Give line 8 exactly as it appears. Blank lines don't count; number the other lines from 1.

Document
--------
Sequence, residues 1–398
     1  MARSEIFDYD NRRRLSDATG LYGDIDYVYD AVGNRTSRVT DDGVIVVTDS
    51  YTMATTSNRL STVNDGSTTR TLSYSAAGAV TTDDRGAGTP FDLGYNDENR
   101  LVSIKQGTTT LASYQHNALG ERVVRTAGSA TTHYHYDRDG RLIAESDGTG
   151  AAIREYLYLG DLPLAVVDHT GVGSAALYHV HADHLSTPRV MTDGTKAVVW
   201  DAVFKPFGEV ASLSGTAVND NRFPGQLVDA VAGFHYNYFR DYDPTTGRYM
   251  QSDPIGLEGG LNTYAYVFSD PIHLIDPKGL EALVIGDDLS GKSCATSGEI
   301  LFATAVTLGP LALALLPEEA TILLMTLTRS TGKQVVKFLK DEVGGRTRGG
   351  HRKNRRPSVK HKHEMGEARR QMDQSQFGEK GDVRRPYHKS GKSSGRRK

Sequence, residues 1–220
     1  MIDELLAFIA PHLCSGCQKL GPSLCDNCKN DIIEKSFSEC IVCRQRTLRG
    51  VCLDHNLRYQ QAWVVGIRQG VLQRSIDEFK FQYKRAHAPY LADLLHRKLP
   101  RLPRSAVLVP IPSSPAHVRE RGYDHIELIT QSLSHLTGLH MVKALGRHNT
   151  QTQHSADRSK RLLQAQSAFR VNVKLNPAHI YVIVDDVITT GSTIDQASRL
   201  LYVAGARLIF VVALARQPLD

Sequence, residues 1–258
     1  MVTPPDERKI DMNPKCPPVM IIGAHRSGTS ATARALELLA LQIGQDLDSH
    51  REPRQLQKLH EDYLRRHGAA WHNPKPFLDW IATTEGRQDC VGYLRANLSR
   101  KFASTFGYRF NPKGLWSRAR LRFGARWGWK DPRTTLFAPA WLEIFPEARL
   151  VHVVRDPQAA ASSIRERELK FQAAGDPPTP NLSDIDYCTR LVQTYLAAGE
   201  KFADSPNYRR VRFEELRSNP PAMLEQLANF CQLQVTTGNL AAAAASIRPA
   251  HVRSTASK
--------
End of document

   301  LFATAVTLGP LALALLPEEA TILLMTLTRS TGKQVVKFLK DEVGGRTRGG